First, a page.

Skydiving-Related Aircraft Accidents 2016
Because skydiving is dependent on aircraft, it’s essential to understand the risk of the ride to altitude. One way to evaluate that risk is to review recent jump plane accidents. Philosopher George Santayana said, "Those who do not remember the past are condemned to repeat it." Jumpers should encourage their jump pilots to take Santayana’s advice and read these reports so they can learn from our history.
The National Transportation Safety Board is investigating all of the accidents contained in this report. The first in a series of NTSB reports contains only preliminary information. After gathering all relevant information, the board then releases its second report, called a factual report. After its investigation is complete, the board issues a final report, in which it determines the accident’s probable cause.
Two accidents in 2016 resulted in fatalities:
A Cessna 182 struck the ground shortly after takeoff, killing four skydivers and the pilot. The two tandem instructors and their students were the first skydivers to lose their lives in a jump aircraft crash in the U.S. since 2010. According to the NTSB Preliminary Report, multiple witnesses said that the aircraft climbed to about 150 feet before making a sudden turn and starting its descent.
A non-USPA member who was dispatching static-line jumpers died when his reserve parachute deployed prematurely in the door of a Cessna Caravan, according to the NTSB Preliminary Report. The jumps he was conducting were part of a military-style operation that was not in accordance with the USPA Basic Safety Requirements.
Four accidents resulted in injuries to pilots and skydivers:
The pilot of a Cessna Caravan sustained minor injuries during a forced landing shortly after takeoff. According to the NTSB Preliminary Report, the accident caused substantial damage to the aircraft, but none of the 17 skydivers was injured. The skydivers wore safety belts, the use of which is likely what prevented any injuries.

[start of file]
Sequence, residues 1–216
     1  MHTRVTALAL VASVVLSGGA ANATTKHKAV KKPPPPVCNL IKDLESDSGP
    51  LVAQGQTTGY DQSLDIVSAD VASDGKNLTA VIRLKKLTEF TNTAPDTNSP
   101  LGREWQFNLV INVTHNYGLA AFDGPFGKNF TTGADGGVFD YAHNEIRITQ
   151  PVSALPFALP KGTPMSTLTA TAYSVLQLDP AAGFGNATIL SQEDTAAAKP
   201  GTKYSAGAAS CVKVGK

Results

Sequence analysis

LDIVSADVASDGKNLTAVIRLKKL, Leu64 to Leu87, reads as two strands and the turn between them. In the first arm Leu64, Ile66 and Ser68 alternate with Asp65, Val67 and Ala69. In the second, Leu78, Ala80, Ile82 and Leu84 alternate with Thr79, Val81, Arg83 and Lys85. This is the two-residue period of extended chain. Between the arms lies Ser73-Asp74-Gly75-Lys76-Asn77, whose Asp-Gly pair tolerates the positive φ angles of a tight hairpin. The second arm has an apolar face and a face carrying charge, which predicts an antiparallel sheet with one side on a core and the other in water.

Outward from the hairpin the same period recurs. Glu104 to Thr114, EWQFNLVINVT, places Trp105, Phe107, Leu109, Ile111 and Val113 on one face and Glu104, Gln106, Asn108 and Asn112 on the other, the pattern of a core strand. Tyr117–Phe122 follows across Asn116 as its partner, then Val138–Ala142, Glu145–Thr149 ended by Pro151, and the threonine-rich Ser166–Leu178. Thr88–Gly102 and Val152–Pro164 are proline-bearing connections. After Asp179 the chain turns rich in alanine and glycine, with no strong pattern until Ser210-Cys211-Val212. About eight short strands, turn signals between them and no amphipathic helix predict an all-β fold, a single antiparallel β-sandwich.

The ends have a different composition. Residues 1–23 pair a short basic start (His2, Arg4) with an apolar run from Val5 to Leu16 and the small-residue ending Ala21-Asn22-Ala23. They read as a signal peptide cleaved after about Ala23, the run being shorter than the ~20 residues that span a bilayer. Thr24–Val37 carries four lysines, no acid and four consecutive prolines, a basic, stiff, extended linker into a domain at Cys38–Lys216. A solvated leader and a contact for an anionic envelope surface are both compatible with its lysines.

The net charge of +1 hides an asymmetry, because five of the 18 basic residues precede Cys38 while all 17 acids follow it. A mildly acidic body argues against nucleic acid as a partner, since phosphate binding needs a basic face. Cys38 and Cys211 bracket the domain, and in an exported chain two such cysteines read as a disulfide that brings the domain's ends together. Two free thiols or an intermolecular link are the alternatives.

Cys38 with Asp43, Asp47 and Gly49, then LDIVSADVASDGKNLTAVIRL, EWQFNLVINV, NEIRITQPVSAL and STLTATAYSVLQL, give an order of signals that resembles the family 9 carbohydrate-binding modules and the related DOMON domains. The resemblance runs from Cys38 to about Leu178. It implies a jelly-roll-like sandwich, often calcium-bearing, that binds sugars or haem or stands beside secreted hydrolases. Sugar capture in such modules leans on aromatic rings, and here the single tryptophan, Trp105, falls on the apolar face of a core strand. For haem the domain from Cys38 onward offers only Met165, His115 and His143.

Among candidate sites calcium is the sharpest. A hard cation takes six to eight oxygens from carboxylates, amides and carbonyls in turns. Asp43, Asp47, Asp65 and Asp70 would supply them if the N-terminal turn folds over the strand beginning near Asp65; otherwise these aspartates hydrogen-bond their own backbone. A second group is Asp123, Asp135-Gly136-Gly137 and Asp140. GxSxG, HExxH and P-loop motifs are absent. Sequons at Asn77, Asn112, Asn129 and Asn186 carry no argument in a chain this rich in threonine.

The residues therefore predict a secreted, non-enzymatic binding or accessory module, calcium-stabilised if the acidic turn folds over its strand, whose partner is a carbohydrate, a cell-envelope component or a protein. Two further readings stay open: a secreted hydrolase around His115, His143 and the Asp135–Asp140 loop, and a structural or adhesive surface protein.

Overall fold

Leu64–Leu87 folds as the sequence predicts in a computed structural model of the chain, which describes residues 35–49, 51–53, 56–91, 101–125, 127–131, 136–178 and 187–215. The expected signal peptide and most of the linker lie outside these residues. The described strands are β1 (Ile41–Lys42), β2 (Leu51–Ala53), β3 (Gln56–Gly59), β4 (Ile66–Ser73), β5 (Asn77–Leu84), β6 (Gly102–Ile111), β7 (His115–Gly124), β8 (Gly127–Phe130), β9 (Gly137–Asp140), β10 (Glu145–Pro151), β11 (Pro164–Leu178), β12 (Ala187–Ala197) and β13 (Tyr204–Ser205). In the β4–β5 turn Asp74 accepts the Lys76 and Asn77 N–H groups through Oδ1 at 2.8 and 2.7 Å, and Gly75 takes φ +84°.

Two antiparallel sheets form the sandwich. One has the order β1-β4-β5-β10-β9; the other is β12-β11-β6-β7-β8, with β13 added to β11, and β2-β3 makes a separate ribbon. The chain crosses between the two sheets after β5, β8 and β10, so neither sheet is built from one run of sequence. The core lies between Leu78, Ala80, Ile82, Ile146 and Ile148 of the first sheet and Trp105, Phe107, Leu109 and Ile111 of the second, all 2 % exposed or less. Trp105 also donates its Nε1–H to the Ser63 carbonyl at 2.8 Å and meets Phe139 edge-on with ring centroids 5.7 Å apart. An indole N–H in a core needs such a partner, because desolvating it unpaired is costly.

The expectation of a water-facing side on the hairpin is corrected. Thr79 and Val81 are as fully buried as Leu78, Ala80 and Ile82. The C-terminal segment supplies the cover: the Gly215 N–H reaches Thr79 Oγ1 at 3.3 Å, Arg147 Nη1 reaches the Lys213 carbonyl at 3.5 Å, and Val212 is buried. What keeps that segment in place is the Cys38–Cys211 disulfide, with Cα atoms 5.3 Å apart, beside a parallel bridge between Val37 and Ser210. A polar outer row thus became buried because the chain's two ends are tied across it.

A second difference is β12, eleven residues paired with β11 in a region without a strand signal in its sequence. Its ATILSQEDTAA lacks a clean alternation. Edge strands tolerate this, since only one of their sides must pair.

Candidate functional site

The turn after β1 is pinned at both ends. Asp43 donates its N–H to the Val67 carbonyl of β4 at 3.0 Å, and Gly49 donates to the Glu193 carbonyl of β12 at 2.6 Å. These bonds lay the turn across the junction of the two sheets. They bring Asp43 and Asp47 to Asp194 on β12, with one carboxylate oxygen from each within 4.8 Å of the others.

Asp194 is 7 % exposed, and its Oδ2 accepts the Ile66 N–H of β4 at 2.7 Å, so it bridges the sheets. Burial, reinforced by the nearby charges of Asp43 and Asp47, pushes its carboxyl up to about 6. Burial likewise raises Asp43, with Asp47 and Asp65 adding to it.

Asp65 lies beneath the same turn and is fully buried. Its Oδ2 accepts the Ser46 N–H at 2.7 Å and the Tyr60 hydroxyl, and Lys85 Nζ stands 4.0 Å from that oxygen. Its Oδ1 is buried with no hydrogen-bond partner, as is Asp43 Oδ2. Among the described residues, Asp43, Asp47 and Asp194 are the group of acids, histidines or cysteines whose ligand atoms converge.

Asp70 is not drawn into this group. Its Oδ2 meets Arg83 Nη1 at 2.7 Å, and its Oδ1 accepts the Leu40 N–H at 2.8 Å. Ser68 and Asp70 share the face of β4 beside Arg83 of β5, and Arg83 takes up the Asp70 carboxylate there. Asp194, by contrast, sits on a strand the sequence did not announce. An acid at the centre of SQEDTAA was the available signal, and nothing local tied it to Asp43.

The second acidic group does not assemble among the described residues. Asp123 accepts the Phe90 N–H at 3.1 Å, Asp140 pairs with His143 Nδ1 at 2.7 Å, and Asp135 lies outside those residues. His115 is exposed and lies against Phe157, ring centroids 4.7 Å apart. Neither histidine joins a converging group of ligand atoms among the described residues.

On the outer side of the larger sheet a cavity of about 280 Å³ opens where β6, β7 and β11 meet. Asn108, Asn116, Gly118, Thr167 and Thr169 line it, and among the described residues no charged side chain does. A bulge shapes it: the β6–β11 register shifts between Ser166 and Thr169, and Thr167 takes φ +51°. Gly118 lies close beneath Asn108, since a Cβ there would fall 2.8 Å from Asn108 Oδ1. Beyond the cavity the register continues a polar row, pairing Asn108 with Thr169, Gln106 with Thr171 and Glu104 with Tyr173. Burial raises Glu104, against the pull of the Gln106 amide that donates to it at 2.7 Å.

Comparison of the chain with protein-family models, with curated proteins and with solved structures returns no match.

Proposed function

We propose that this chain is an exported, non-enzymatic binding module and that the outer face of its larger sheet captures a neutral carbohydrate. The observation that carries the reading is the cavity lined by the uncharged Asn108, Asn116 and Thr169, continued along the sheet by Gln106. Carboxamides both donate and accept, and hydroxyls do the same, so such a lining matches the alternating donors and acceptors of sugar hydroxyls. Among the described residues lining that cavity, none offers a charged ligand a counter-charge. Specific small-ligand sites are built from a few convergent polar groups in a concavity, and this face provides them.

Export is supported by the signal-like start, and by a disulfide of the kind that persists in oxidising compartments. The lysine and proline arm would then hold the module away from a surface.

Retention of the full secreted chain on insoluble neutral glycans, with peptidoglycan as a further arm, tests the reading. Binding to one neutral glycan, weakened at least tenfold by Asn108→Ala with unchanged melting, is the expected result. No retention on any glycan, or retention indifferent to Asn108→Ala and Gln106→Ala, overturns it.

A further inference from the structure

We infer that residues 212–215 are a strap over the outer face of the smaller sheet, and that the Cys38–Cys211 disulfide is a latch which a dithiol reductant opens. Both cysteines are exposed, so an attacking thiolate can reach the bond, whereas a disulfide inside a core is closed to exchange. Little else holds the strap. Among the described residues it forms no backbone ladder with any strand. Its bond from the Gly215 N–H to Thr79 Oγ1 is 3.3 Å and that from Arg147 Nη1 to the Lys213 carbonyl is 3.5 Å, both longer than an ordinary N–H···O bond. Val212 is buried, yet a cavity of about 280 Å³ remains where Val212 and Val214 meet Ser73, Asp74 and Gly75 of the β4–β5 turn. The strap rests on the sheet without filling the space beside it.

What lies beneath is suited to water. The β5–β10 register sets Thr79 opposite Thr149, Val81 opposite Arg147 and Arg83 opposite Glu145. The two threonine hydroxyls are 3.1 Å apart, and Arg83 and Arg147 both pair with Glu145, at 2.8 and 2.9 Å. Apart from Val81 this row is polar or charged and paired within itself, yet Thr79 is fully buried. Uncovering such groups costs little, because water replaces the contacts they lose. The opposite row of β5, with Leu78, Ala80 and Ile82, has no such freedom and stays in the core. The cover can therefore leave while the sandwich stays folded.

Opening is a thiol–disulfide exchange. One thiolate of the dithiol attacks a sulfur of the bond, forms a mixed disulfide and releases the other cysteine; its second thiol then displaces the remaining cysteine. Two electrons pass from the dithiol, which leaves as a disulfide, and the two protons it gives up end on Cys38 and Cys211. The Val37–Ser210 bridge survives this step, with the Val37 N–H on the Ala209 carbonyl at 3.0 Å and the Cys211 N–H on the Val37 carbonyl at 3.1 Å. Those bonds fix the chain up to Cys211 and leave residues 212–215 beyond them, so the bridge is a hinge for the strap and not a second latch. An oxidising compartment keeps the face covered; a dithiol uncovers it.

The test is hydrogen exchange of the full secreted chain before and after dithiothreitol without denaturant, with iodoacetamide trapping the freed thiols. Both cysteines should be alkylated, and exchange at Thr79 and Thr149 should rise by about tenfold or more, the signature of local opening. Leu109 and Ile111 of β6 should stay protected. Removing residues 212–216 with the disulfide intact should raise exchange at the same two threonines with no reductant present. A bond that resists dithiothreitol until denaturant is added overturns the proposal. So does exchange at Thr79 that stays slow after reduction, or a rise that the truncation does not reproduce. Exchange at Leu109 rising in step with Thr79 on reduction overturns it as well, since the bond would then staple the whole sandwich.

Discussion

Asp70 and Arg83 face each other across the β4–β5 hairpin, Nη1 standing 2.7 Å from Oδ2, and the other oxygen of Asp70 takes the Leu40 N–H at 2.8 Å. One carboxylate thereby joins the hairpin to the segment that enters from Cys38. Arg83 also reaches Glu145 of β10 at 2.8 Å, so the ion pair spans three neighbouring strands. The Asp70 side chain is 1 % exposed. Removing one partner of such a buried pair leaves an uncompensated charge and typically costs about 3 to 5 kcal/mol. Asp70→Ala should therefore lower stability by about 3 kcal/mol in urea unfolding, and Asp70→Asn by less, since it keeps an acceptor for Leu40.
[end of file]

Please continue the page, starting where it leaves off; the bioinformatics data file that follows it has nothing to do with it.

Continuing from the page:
A skydiver sustained serious injuries after striking the tail of a King Air 90. According to the NTSB Preliminary Report, the injured skydiver jumped before the pilot configured the aircraft for exit.
The pilot of a Cessna 206 and six skydivers sustained minor injuries in a forced landing that substantially damaged the aircraft. The NTSB Preliminary Report stated that the aircraft “was climbing through about 1,000 feet AGL when the engine lost power.”
The pilot of a Cessna 182 sustained serious injuries prior to bailing out because fire engulfed the aircraft’s left wing. All four skydivers who departed the stricken aircraft prior to the pilot also sustained minor injuries. The safety board’s preliminary report indicates that the aircraft was participating in an operation that “involved an aerial pyrotechnic display.” The pilotless aircraft struck a house, causing minor injury to one occupant.
Six accidents resulted in no injuries:
A Twin Otter sustained substantial damage to its wing. The NTSB determined the probable cause of the accident to be “the pilot's failure to maintain directional control during the aborted landing in gusty crosswind conditions, which resulted in a runway excursion and a collision with a tree.”
While two parachutists stood on the lower wing of a Stearman biplane and held on to the edge of the front cockpit, the plane sustained substantial damage after it struck terrain. According to the NTSB Preliminary Report, the pilot stated that after he climbed to about 200 feet above the ground, the airplane began descending and he executed an off-airport forced landing.
A Cessna 182 sustained substantial damage to its left wing as it collided with terrain during an off-airport forced landing in a field, according to the NTSB Preliminary Report.
A Cessna Caravan landed with 14 skydivers due to deteriorating weather. A prop strike and runway excursion into a ditch resulted in substantial damage to the aircraft’s airframe, according to the NTSB Preliminary Report.
A King Air 90 sustained substantial damage as it stalled and entered a spin with 14 skydivers on board. The skydivers safely exited the aircraft after the pilot recovered from the spin. According to the NTSB Preliminary Report, “A witness observed that the airplane's right stabilizer and elevator were missing,” as the aircraft landed.
A PAC 750XL sustained substantial damage when its landing gear collapsed and the airplane collided with a fence following an aborted takeoff. The NTSB determined the probable cause of the accident was “the pilot's failure to set the wing flaps for takeoff, which resulted in an aerodynamic stall, an aborted takeoff and a runway overrun.”
Piloting a jump plane is among the most demanding of flying jobs, with multiple takeoffs and landings in a variety of conditions and with a variety of loads, as well as the need to refuel often throughout a day. Pilots should fly every flight professionally. A variety of resources—the USPA Skydiving Aircraft Operations Manual and Jump Pilot Training Syllabus, a Flight Operations Handbook, and the articles “Formation Flying 101” and the FAA’s “Aircraft Control After Engine Failure on Takeoff”—are available under the Group Membership tab at uspa.org. Jump pilots and skydiving aircraft operators should utilize these resources as part of a comprehensive and proactive safety-management system.